Imagine drinking a spirit with a real cobra or scorpion inside? Are you scared just thinking about it or you always wanted to try it? That’s up to you on your next trip to Vietnam!

Korea is known for its “wet” drinking culture that is similar to Finland or Russia and sadly as well for the frequent alcohol abuse of its citizens. It’s common walking around the streets and running into a well dressed bussiness man lying on the middle of the street completely smashed. Drinking is somehow part of the work culture and if you want to be accepted by your boss or employees you should never refuse drinking with them, often a lot, until the point you just forget your own name.

Makkoli is a famous Korean drink, that is a little bit softer and therefore more recommended.  It is a milky beverage with a kind of bitter sweet taste and it is drunk from a small bowl. Its alcohol content is about 7%.

To have a bit of Asian feeling at home you should try those products:

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Tiger Beer, the beer of Singapore.

 

 

 

 TAGS:Nikka Miyagikyou Single MaltNikka Miyagikyou Single Malt

Nikka Miyagikyou Single Malt, a japanese whisky.

Poets and their favourite drinks

Drinks and poetry have always been linked and people dare to say that it was  TAGS:alcohol that inspired some of the greatest poets and writers of all times. Alcohol may have an influence on creativity but for  sure what doesn’t make Shakespeare and Co  fall into oblivion was their great talent.(or we want to believe that!) Anyway, as expected, also poets and writers had their preferences in drinking. Some of their favourite drinks became so famous that even now and in many cases after their death, we are ordering them in bars without remembering their history. 

Let’s start with the excellent poet Robert Burns who developed a great passion for Scotch whisky during his short life. As a real Scot, he even dedicated the poem “The Author?s Earnest Cry and Prayer? to this drink while he was writing the book “Freedom and whisky gang thegither!?.

Unfortunately in some cases alcohol has led  poets into misery and what was a pleasure for them at the beginning, converted into a battle they were likely to loose.  Jim Morrison or American novelist Jack Kerouac have shown us that alcohol addiction is a serious problem.

The lead singer with the the “Doors”, who died from a suspected heroin overdose at the age of 27, used to have a taste for alcohol as well. As he confessed, he was addicted to Whisky, especially Jack Daniel’s.  ?It?s like gambling somehow. You go out for a night of drinking and you don?t know where you?re going to end up the next day. It could work out good or it could be disastrous. It?s like the throw of the dice,? Morrison used to say once. In his case it was rather disastrous.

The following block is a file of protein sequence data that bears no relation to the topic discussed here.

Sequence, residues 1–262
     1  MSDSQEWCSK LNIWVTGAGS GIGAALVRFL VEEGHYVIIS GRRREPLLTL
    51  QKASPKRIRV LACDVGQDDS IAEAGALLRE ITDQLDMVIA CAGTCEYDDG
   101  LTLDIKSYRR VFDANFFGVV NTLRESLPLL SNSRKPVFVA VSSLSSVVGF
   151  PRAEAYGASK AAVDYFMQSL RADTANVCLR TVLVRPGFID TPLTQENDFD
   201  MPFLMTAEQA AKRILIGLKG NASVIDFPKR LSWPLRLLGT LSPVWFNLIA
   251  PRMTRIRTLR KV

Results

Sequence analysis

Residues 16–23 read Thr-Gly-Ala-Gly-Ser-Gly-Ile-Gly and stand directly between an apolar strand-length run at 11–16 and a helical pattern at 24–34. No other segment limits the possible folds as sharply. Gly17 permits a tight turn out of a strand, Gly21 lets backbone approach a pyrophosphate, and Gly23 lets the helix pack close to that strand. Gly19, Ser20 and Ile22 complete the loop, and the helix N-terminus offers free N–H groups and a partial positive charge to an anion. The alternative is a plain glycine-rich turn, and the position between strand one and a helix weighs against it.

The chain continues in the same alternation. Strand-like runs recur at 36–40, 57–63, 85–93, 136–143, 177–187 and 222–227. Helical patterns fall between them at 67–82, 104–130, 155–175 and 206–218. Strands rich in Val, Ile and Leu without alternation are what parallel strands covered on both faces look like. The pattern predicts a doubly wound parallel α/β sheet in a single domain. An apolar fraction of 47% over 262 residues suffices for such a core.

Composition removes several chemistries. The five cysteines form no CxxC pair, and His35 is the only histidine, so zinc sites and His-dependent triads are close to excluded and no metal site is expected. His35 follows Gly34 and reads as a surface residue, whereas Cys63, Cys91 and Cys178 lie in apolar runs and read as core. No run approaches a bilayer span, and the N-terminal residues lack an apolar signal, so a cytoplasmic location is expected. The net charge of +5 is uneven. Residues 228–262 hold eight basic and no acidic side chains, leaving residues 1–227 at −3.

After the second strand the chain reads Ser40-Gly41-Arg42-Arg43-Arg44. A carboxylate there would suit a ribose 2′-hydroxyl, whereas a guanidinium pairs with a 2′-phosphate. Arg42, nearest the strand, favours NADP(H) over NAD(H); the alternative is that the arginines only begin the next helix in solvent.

American novelist Jack Kerouac’s destiny was somehow similar. The so called “king of the beat generation” used to affirm that he was a “Catholic and not a beatnik”.  Alcohol became his “ecstasy of the mind” , a drug that killed him at the age of 47 after a long struggle against alcoholism.

Charles Bukowski was born in Germany and died in California at the age of 73. He used to love alcohol and throughout his life he wrote thousands of poems and quotes involving alcohol. His  most famous quote is ?That?s the problem with drinking, I thought, as I poured myself a drink. If something bad happens you drink in an attempt to forget; if something good happens you drink in order to celebrate; and if nothing happens you drink to make something happen.? Bukowski’s favourite drink was Boilermaker, a beer with a shof of Bourbon in it.

When talking about writers and poets we should not leave out Oscar Wilde. As Toulose Lautrec, Van Gogh and other artists he was an absinthe drinker but he also enjoyed other drinks as whisky and Champagne. He didn’t use to listen to his doctor’s orders when he told him to renounce to a glass of iced Champagne.

And what about you? What’s your favourite drink you would never renounce to? We want to give you some recommendations.